This rhythm is frequently disrupted by uncontrollable events and existential despair, which leads to silence, panic, feelings of isolation, and even thoughts of suicide. The trauma of the hurricane, flight from New Orleans, and retreat to a shelter culminate in four days of complete silence, the significance of which he does not elaborate on until his first lengthy entry on September 13:

Writing. Help! I have not been writing the way I want to write. I have been thinking about writing, the fragility of writing, how personal it is (12).

The implied “you” in the command “Help!” invites the reader into the author’s private, intimate world, and it is Ward’s openness and vulnerability that is one of the hallmarks of his journal. The reader, especially one who shares his love of writing and research, can feel his despair on returning home for the first time, in early October, to discover that his papers, manuscripts, and rare books—the possessions that define him as a scholar—have been destroyed. The resulting “depression and periods of near-insanity” recur throughout the journal and eventually prompt him to seek psychiatric help after a brief hospitalization.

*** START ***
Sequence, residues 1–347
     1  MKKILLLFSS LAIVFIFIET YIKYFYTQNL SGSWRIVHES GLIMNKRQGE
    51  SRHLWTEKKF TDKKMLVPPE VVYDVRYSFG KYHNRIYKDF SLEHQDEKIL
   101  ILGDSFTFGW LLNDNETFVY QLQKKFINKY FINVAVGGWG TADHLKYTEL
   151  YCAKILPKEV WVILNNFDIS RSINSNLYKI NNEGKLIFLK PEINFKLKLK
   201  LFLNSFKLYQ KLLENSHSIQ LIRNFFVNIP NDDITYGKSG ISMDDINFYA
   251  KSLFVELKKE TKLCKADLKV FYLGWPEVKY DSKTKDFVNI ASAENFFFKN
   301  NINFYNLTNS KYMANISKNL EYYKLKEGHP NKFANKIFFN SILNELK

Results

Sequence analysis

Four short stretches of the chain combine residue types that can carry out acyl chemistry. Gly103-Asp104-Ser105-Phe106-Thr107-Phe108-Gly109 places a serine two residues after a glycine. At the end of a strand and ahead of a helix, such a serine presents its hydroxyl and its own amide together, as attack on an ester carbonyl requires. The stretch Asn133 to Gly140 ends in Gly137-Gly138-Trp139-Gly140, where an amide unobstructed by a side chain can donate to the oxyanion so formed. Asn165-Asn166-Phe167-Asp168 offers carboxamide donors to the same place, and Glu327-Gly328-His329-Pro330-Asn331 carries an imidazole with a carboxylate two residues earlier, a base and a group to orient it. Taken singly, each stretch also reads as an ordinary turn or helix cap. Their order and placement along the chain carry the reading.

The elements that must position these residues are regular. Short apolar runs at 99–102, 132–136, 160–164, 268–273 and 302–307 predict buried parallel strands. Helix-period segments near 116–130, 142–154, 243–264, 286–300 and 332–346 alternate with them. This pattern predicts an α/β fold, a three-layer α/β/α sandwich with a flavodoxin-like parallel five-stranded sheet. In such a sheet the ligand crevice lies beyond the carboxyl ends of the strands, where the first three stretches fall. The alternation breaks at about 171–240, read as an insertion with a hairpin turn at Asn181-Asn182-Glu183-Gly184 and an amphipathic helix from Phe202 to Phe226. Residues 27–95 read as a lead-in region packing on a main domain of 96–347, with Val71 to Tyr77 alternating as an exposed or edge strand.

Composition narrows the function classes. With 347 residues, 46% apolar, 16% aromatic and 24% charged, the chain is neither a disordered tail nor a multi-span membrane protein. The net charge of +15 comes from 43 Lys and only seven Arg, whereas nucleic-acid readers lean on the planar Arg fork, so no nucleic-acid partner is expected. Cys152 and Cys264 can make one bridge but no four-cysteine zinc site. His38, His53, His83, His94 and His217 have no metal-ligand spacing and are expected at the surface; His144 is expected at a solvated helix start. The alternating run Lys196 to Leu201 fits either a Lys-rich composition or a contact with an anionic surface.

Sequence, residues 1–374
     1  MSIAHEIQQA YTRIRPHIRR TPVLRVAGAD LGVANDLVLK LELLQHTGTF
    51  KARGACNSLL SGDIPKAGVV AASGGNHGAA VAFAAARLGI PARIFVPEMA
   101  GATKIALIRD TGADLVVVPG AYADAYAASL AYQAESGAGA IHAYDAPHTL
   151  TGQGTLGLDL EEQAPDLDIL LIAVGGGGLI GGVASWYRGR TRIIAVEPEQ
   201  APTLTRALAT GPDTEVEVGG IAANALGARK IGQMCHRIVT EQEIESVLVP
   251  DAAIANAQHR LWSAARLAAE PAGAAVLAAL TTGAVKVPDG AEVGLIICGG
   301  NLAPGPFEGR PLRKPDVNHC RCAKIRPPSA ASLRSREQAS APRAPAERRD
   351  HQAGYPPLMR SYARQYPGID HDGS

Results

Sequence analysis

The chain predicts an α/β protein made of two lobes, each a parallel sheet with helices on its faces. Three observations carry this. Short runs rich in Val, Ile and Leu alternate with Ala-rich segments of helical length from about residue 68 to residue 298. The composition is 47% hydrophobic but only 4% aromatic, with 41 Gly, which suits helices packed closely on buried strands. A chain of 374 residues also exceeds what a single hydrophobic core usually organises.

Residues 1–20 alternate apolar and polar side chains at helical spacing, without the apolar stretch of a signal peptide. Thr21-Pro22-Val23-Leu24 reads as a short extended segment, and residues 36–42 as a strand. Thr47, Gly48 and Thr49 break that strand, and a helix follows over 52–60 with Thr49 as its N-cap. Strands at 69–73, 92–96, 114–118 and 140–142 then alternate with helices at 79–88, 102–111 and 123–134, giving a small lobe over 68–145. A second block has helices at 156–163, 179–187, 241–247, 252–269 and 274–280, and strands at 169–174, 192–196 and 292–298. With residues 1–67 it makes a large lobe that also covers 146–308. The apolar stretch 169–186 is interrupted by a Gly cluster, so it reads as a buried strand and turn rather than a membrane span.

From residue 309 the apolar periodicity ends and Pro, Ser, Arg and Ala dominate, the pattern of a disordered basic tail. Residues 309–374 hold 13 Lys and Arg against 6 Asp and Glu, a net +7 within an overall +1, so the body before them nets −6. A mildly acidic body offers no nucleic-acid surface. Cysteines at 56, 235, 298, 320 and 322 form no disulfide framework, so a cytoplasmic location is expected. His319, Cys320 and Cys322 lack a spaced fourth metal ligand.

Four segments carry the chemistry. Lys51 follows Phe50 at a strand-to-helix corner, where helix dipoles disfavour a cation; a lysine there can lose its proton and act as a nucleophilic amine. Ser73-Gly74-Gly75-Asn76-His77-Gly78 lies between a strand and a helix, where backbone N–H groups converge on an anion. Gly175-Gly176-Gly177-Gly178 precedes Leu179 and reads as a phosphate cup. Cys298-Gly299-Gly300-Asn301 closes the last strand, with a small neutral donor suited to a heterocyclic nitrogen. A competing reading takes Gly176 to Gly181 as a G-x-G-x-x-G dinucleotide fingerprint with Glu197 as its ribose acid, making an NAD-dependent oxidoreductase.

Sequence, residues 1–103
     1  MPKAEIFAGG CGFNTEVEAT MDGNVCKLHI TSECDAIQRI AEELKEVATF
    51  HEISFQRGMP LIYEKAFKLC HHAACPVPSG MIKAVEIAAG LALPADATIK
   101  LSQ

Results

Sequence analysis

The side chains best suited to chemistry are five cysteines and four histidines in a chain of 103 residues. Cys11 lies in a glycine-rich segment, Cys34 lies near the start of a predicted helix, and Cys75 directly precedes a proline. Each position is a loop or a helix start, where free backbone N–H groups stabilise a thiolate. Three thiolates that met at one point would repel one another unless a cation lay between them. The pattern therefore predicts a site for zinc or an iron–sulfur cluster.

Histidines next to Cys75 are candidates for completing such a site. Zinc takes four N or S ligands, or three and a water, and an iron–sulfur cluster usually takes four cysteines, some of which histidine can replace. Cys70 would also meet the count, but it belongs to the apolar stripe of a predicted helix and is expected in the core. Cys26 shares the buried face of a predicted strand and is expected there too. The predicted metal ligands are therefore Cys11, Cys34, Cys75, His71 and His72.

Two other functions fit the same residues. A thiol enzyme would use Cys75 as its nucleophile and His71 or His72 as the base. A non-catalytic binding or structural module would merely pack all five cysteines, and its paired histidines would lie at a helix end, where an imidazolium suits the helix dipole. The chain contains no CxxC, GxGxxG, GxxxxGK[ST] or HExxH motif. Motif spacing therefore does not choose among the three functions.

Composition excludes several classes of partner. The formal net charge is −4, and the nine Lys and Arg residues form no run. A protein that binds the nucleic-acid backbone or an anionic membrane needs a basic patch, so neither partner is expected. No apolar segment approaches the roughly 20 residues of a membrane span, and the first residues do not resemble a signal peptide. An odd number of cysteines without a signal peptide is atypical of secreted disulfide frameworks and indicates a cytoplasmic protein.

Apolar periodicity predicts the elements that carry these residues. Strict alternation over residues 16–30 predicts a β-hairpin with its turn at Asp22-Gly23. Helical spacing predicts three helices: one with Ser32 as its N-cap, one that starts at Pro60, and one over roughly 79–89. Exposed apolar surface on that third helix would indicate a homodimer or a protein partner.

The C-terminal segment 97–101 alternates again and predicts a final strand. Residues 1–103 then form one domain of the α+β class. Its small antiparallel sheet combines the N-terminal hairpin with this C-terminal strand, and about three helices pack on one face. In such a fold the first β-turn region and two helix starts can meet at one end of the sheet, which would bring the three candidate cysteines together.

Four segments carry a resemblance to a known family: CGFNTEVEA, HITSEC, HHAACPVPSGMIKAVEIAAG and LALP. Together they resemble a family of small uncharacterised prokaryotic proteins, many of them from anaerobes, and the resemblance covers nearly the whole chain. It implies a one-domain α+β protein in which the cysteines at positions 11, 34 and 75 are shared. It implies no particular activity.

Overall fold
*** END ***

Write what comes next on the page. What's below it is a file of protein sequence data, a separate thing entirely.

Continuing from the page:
The depression also creates a profound sense of dislocation and alienation from others, and even from the person—stable and disciplined—that he once was, an alienation that  he expresses very movingly through dialogues with himself and with his body. Ward often writes in the second person, in what he calls “the other voice, the italicized me, [who] provides copious backtalk in my mind (116).” Here, the other voice speaks to him:

After Mass, you did not walk back to the hotel. You floated in rainlight. You floated as the thunder roared over New Orleans” (166).

This poetic passage is followed, several pages later, by an hilarious call and response between the writer and his body:

Your body reminds you that even in a shelter it had the pleasure of a hot shower. You remind your body that it had endured cold showers during the summer after its freshman year in college and in Vietnam. Your body gives you back talk: “Yes, but I was young, young, you hear?” You’d think your body would appreciate the fact that it slept on an air mattress rather than in a sleeping bag. (170)